Where's this come from? I understand if you somehow projected some form of sarcasm or satire onto my words (as it is difficult to read and portray through text) but i definitely did not mean to offend you in any way.

Apology accepted

Edited by Probe
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Folks - Comparing exam marks is about as sensible as comparing car engine sizes.

Please try and remember we are all here to help each other explore and develope our interest in astronomy. The best way to do this is "as friends".

So do try not to bicker if possible or I'll have to start sending people to bed early lol :(

:) Thanks brantuk

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I voted for general relativity.

Newton's theory of gravity was a work of stunning genius, but physical knowledge, both theoretical and empirical, is a lot different now than it was in Newton's day. General relativity has a wider domain of applicability than does Newtonian gravity. If I drop a brick, either general relativity or Newtonian gravity can be used to calculate the time taken for the brick to hit the Earth. The calculations are simpler for Newtonian gravity, but either theory can be used. For other observed phenomena, like Mercury's orbit (already stated by Rez), the expanding universe, gravitational lensing, the Global Positioning system (sat nav), orbital periods of binary pulsars, etc., Newtonian gravity either gives the wrong answer or remains silent.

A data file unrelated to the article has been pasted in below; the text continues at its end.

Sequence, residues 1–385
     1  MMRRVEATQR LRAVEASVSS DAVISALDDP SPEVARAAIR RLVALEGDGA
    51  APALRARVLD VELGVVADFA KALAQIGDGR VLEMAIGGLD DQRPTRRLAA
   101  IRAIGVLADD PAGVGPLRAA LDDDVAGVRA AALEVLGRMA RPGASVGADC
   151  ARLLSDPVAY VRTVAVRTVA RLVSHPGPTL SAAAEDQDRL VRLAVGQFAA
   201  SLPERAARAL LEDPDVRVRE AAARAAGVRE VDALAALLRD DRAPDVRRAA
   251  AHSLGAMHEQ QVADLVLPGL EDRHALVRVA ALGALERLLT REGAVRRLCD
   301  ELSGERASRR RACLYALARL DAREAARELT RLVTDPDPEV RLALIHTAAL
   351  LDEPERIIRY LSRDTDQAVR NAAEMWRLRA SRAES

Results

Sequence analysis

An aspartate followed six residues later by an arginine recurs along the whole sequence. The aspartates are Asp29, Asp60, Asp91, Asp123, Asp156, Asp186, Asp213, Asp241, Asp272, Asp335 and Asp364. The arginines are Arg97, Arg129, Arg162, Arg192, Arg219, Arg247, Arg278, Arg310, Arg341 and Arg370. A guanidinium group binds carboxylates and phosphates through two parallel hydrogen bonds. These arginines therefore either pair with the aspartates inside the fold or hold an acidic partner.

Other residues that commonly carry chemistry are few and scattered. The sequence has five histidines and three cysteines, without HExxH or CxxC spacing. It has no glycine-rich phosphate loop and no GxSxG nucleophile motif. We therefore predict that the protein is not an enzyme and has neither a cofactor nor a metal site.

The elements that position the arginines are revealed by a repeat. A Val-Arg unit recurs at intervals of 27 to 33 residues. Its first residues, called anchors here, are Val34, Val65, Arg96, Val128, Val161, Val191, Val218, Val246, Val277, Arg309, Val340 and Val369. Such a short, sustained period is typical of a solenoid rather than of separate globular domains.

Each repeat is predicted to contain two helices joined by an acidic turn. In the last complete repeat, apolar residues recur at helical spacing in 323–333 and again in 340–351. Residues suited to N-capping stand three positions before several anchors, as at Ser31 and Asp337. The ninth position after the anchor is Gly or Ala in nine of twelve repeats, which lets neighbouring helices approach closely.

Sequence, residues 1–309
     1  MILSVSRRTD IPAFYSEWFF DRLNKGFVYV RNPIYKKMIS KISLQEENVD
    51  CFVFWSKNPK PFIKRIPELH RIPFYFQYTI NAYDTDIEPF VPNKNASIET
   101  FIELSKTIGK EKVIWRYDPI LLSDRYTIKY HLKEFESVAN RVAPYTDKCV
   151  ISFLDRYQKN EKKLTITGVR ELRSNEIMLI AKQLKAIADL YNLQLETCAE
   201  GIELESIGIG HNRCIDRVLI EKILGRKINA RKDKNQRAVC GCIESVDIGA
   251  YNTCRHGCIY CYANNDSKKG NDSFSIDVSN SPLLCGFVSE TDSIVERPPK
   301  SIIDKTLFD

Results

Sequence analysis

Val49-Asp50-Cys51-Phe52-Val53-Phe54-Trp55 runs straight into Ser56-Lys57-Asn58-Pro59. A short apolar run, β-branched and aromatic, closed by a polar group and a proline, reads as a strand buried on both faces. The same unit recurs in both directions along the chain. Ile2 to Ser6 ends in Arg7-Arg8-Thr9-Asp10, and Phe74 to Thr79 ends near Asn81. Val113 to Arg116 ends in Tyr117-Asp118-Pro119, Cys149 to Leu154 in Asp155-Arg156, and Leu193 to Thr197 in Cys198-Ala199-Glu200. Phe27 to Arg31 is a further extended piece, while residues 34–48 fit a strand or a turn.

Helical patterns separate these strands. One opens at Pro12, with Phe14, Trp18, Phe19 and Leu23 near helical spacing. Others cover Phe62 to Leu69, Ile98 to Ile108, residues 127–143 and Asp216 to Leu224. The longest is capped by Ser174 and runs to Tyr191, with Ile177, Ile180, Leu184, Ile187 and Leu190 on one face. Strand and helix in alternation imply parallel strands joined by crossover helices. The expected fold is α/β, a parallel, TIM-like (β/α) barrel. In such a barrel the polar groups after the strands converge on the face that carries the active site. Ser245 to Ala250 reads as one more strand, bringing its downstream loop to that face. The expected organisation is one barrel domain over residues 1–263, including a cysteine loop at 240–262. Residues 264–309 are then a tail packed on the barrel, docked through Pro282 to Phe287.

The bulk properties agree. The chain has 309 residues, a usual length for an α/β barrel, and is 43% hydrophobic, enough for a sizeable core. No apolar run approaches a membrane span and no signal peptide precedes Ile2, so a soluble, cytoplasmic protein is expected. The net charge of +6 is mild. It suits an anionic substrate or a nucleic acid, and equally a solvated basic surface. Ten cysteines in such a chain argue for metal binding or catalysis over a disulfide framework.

MOdified Newtonian Dynamics (MOND) has had some successes, but seems rather ad hoc, and has some problems. For a critique of MOND and a bit of a debate (between Sean Carroll and Stacy McGaugh; in the comments after the article), see

Dark Matter: Just Fine, Thanks | Cosmic Variance | Discover Magazine.

Quantum gravity cannot be used to explain any phenomena, at least not in a quantitative way. We do not have a quantum theory of gravity with which we can do calculations. A future theory of quantum gravity will likely have a wider domain of applicability than general relativity, but I think it will be somewhere between 5 and 500 years before we will have a quantum theory of gravity with which we can do calculations that apply to observed physical phenomena.

The purpose of the creation of Tensor-vector-scalar gravity was to have a relativistic theory of gravity out of which MOND falls after appropriate approximations.